Effect of Democratization in Improving Living Standards

Democracy cannot exist without social justice, whereby citizens feel that all their social and economic rights are protected. The political dilemma in the Arab world, resulting from the absence of political freedoms, has left very clear negative effects on society. This dilemma has contributed significantly to the erosion of the economic infrastructure of the Arab world, or has at least resulted in a clear imbalance in the distribution of wealth and services. The absence of political freedoms has also led to a decline in the standard of living; increased poverty and unemployment rates; and has diminished productivity and widened the gap between the various social classes.

It could be argued that political oppression leads to social imbalance, the deterioration of the economy and the decay of the social fabric. Furthermore, political oppression distorts the meaning of good citizenship and its requirements as well as having a devastating effect on the concept of national identity. The latter does not seem able to withstand the consequences of political oppression or repair its damages.

The important question here is whether democratization is the solution to these problems?

In theory yes, but only if this transition is serious and clear. It is possible to measure the success of the implementation of democratic mechanisms in the extent to which these changes reflect positively on the lives of ordinary people. These ordinary citizens do not only seek political freedoms, but more importantly, the vast majority also aims to improve their standard of living. Democratization will become meaningless if unemployment and corruption continue and if the standard of public services does not improve. This reveals a serious problem underlying the political process itself and also indicates an absence of the principles of transparency and accountability, a weakness in the performance of the elected Legislative Authority and the lack of a political ‘will’ to start a clean political life, particularly by the Executive Authority.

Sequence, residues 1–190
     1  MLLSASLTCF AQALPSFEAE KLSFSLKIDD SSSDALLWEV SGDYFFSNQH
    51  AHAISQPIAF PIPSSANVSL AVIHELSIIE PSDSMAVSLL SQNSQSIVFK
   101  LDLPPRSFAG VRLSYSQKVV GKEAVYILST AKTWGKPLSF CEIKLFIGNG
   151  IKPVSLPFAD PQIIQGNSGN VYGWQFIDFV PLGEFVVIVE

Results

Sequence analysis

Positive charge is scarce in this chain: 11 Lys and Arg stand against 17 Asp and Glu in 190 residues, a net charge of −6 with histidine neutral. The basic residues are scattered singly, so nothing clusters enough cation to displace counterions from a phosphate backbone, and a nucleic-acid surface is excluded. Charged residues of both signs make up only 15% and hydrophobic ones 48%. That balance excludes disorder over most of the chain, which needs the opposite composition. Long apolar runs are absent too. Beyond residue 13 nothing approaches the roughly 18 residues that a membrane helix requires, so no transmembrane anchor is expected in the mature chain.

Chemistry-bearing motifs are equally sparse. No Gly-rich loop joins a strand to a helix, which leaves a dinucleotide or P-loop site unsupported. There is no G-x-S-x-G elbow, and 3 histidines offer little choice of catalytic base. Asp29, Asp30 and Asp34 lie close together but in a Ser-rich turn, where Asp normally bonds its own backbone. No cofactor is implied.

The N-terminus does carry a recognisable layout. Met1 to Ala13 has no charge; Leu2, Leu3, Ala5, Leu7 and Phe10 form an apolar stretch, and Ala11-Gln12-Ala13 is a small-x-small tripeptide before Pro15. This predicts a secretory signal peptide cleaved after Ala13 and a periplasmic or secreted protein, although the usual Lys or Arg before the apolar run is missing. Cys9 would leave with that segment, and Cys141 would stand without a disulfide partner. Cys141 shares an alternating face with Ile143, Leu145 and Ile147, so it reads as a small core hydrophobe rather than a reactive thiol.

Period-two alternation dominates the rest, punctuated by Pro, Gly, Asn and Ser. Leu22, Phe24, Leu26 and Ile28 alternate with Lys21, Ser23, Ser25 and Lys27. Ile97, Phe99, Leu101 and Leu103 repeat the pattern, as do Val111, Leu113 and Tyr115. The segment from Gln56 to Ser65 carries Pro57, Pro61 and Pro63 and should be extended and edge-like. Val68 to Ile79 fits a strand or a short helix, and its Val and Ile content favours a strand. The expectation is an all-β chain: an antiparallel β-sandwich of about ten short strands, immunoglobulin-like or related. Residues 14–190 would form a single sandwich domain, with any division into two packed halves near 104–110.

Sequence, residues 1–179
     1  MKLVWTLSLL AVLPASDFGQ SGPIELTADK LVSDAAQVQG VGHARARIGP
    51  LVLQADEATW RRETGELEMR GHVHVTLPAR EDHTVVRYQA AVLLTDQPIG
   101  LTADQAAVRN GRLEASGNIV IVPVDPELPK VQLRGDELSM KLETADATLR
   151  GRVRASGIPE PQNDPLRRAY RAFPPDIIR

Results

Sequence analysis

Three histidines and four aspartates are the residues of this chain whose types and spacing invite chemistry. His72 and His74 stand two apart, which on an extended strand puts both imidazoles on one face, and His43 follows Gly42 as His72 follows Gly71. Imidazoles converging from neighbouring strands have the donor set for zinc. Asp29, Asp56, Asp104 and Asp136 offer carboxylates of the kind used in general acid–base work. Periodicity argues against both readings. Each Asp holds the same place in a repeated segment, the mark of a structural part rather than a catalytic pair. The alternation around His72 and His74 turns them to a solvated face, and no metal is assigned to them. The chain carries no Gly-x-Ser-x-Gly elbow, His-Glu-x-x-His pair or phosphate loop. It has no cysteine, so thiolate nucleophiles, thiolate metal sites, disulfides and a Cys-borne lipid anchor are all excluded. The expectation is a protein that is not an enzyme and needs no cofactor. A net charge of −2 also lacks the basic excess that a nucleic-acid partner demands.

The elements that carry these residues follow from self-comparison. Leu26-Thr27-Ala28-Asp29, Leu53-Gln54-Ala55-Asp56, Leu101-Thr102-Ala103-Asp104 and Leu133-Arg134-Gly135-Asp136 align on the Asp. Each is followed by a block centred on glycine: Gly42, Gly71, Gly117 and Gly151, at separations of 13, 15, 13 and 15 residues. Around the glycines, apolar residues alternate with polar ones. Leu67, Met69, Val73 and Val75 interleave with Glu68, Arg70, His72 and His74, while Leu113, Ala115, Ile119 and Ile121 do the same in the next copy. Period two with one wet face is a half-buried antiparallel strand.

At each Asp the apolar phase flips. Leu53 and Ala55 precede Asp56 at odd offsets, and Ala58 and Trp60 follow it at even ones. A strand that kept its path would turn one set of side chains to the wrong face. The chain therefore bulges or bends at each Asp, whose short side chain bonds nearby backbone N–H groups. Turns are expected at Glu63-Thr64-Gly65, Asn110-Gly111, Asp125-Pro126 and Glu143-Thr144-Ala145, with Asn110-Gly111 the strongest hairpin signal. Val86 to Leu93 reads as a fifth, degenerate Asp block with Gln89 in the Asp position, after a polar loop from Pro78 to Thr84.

When factional, sectarian and tribal conflicts continue, riots, incidents of violence and human rights violations also increase, which suggests that the culture of democracy and human rights is still not yet deeply embedded in the Bahraini public and official conscience. It also points to the fact that the Judiciary is weak and is unable to adequately perform its role. Furthermore, it means that civil society institutions have also failed in their attempt to make any changes or provide citizens with appropriate mechanisms in order to confront the challenges of daily life.

Bahrain is undergoing a transitional period towards achieving democracy and the signs of this are clear and need not be mentioned. To what extent however, has this transition affected the culture, values and the life of the citizens? To what extent have we come closer to achieving the values of social justice? And to what extent has democracy encouraged the Government to improve the performance of public services? And has the process of democratization provided us with new tools or weapons with which to confront poverty, unemployment, bribery and other symptoms of corruption?

We are convinced that improvements in public services and in combating unemployment and corruption have actually taken place. A change in Bahraini society’s culture towards respecting different opinions which promotes human rights culture has also been noticed, and even at the legislative and legal levels a positive change has been detected, but is this enough? If the democratic transition has not changed our situation, culture and performance for the better, this means that there is a problem. And when democratization achieves successes at some levels, how can these be measured? And how can radical changes be achieved in the bureaucratic, judicial and legislative systems in order to promote the values of democracy and move us closer to it.